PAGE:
High employment figures have upped the competition for small companies across Britain, according to Indeed
It’s tough to steer any business towards the horizons of success when your ship doesn’t have a big enough crew. And amidst record-breaking employment figures, the likelihood of reeling in new employees proves difficult for nearly all small businesses in the face of titanic rivals.
Speaking to 1,006 owners across Britain, Indeed, the job site, discovered a whopping 81% of micro-business bosses – companies with fewer than ten employees – find it more difficult to attract workers than their larger rivals do. In total, 34% found it difficult to find the right candidates.
The primary reason for these recruitment struggles seemed to be that jobseekers feel that SMEs lack of job security, which 59% of small-business owners said held them back from filling their positions. This was followed closely by 49% who think weak brand recognition might be smudging their chances. However, fears of low pay sit at the back of minds with 26% citing salary expectations to be an issue.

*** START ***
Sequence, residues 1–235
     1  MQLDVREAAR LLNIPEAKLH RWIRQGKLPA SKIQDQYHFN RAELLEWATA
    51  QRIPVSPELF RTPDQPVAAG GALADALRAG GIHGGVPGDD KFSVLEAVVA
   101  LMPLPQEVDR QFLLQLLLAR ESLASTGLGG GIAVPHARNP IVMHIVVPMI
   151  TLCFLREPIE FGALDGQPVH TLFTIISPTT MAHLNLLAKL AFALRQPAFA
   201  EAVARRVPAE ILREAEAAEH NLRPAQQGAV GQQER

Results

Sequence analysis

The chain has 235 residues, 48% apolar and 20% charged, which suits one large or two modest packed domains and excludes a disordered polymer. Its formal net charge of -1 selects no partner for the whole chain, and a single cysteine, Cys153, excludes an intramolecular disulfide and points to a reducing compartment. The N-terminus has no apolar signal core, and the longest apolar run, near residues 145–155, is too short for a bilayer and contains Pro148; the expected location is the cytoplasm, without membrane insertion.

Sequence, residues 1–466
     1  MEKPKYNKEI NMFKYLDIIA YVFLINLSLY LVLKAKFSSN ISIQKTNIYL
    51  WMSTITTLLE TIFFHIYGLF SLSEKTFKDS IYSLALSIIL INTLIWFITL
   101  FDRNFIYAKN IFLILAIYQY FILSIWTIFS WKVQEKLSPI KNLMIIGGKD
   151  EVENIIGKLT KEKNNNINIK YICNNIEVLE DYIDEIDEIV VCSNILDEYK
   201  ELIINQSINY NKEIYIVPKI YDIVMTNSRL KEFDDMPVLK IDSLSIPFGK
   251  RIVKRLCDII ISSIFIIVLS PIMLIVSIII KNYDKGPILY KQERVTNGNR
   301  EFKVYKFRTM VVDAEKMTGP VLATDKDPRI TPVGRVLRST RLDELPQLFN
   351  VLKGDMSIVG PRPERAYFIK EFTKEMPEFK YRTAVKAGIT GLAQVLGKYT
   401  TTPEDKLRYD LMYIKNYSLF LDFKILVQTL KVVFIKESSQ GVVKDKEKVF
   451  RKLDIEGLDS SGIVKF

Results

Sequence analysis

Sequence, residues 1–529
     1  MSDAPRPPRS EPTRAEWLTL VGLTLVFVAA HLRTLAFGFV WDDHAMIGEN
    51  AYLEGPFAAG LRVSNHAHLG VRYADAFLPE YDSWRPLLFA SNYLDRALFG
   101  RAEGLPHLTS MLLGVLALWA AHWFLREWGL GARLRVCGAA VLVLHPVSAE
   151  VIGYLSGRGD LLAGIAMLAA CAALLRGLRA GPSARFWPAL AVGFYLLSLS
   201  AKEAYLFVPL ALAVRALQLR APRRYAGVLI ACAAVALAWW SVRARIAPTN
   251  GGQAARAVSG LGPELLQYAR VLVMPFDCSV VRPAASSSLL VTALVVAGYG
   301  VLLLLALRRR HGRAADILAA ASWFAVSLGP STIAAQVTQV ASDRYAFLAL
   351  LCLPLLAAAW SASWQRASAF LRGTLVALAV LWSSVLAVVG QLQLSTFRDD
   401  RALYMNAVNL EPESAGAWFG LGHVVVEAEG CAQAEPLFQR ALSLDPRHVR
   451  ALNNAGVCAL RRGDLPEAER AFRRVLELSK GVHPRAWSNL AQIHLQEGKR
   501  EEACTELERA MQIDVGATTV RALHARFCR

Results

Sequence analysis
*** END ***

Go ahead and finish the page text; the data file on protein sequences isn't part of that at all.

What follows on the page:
Commenting on the findings Bill Richards, UK managing director at Indeed, said: “Our research suggests many small businesses feel the odds are stacked against them in the battle for talent. While larger firms will always have a head start in terms of brand recognition, popular misconceptions that smaller companies offer less job security or fewer prospects for career progression are also taking their toll.
“It’s crucial that smaller employers address candidate concerns right through the hiring process, from the wording of the job ad to how they tell their company story or approach interviews. It’s crucial to spotlight the benefits that working in a smaller company can offer employees, such as being part of a close-knit team and having a greater sense of autonomy on projects.”
While national employment has hit new highs the competition between companies to attract workers has become fierce. Small businesses especially need to start selling themselves just as much as their prospective candidates to stay afloat.